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Mice Gamble for Food: Individual Differences in Risky Choices and Prefrontal Cortex Serotonin | OMICS International | Abstract
ISSN: 2155-6105

Journal of Addiction Research & Therapy
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Research Article

Mice Gamble for Food: Individual Differences in Risky Choices and Prefrontal Cortex Serotonin

Elsa Pittaras1,2, Arnaud Cressant1, Pierre Serreau1, Jessica Bruijel1, Françoise Dellu-Hagedorn3, Jacques Callebert4, Arnaud Rabat2 and Sylvie Granon1*

1Centre de Neuroscience Paris Sud, CNRS 8195, Université Paris Sud, Orsay, France

2Institut de Recherche Biomédicale des Armées, Brétigny-sur-Orge, France

3INCIA, CNRS, Université Bordeaux 2, Bordeaux, France

4Hôpital Lariboisière, Paris, France

*Corresponding Author:
Sylvie Granon
Centre de Neuroscience Paris Sud, CNRS 8195
Université Paris Sud, Orsay, France

Received May 23, 2013; Accepted June 19, 2013; Published June 26, 2013

Citation: Pittaras E, Cressant A, Serreau P, Bruijel J, Dellu-Hagedorn F, et al. (2013) Mice Gamble for Food: Individual Differences in Risky Choices and Prefrontal Cortex Serotonin. J Addict Res Ther S4: 011. doi:10.4172/2155-6105.S4-011

Copyright: © 2013 Pittaras E, et al. This is an open-access article distributed under the terms of the Creative Commons Attribution License, which permits unrestricted use, distribution, and reproduction in any medium, provided the original author and source are credited.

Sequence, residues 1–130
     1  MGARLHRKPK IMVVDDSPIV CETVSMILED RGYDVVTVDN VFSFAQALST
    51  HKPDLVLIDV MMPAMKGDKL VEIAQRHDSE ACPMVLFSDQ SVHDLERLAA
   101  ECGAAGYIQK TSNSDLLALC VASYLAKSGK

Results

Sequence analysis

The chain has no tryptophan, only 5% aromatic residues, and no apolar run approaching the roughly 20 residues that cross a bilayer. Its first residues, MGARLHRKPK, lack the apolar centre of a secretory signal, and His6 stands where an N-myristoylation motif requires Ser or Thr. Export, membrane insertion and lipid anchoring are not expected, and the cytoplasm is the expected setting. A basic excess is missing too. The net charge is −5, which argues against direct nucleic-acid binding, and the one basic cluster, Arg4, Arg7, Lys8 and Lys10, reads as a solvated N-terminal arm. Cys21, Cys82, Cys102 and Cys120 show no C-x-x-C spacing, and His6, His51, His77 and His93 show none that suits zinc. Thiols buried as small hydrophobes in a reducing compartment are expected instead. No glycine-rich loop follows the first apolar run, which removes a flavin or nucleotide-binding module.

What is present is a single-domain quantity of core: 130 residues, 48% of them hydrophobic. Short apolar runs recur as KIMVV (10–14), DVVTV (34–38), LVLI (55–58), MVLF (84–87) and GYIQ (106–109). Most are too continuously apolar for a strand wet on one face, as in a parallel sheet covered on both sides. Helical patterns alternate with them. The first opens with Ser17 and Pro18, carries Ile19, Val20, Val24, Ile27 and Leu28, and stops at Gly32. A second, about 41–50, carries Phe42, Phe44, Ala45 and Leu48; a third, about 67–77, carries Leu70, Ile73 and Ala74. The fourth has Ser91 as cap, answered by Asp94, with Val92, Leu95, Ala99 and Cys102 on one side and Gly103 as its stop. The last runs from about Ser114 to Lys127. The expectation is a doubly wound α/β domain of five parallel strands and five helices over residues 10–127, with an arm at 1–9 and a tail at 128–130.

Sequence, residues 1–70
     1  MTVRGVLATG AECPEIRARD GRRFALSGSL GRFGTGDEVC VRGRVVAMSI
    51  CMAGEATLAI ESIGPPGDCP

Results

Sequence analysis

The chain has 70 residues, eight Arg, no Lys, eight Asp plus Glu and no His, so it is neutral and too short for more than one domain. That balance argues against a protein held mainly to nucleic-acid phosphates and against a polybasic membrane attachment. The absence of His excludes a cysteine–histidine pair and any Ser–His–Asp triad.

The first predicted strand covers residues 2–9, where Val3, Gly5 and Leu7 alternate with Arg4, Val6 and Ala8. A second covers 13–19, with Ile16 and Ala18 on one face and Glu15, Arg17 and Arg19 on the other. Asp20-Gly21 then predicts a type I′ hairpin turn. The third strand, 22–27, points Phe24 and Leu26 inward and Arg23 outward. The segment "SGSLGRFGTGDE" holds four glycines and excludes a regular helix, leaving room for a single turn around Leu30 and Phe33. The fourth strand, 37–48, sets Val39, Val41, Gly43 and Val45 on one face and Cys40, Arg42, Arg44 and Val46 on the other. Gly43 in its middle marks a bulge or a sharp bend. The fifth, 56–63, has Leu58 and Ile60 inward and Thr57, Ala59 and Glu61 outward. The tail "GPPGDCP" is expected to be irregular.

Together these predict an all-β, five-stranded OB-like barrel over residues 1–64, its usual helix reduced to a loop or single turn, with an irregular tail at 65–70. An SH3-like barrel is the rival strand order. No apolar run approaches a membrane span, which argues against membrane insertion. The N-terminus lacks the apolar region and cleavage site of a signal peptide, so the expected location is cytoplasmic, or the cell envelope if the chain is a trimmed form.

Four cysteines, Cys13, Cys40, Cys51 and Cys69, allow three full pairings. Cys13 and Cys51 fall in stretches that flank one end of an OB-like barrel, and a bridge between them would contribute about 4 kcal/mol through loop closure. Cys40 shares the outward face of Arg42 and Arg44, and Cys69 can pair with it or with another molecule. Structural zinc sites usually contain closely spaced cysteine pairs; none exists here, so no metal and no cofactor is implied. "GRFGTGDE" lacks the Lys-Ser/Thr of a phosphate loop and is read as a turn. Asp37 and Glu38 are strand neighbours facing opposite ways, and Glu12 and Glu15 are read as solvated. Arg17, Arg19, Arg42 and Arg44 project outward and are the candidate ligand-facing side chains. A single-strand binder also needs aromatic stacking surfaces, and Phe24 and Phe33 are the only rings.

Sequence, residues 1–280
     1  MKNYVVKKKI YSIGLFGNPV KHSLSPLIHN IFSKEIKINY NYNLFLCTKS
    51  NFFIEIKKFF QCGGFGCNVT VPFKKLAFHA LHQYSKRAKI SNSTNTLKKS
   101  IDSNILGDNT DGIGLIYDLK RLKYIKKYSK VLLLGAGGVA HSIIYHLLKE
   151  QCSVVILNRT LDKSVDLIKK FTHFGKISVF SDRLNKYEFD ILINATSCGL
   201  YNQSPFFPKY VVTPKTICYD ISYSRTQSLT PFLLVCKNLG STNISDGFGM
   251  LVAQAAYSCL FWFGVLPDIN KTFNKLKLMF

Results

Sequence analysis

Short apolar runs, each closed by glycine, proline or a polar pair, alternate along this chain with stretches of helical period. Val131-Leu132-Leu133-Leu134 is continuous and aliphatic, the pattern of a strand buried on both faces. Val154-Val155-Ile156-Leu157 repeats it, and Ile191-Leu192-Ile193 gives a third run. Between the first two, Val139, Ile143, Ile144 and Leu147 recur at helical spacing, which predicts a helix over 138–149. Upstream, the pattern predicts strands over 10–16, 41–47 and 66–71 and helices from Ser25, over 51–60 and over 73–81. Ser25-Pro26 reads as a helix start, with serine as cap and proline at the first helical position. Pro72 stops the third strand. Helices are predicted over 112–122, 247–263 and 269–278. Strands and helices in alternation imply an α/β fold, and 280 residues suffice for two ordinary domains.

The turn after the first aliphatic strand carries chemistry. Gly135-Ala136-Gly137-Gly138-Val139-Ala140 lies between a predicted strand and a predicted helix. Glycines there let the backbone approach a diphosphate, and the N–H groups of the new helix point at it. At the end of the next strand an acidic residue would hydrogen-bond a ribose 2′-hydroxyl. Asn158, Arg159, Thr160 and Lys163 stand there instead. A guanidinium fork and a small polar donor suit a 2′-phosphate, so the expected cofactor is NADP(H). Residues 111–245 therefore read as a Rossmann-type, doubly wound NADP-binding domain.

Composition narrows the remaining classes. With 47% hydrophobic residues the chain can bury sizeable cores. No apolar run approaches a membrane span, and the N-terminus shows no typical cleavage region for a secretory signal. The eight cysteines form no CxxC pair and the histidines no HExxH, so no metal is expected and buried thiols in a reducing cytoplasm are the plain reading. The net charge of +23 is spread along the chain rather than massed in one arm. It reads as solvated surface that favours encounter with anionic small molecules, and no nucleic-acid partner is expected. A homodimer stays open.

Background: One of the fundamental questions in Neuroscience is to understand how we choose one option instead of another one when we are in uncertain or ambiguous situation. Some decisions have short- and long-term consequences. The Iowa Gambling Task (IGT) is classically used to study decision-making in humans because it mimics real life situations. By developing a new mice model, we aimed at studying behavioral traits and brain circuits that impact on inter-individual differences in decision making processes.

Methods: 72 male C57Bl/6J mice were used to adapt the IGT. We first attempted to adapt the task in operant chambers from rats’ works using long delays as penalties. Our results were not conclusive so we adapted the task to a maze version. Quinine pellets were used as penalties and food pellets as rewards. We also performed behavioral measures of anxiety, novelty exploration, locomotion and social interaction. Finally, we measured levels of monoamines in different brain tissues sampled from the mice subjected to the behavioral task.

Results: We show that transferring directly the protocol of the rat’s gambling task to mice using operant conditioning was not successful presumably because of species particularities, such as lower sensitivity to delay penalties. In the maze version, we found that mice exhibited a clear preference for small but safer rewards that allow the maximization of benefits in the long-term. We observed the progressive emergence of inter-individuals differences and specific behavioral and biochemical traits for each subgroup. Namely, risk-prone mice exhibited lower 5-HT level in the prefrontal cortex compared to the others.

Conclusion: We were thus able to validate a mouse gambling task and to determine individual profile close to the human and rat results. This study allows us to characterize within a healthy population, subgroups with different behavioral and biochemical profiles.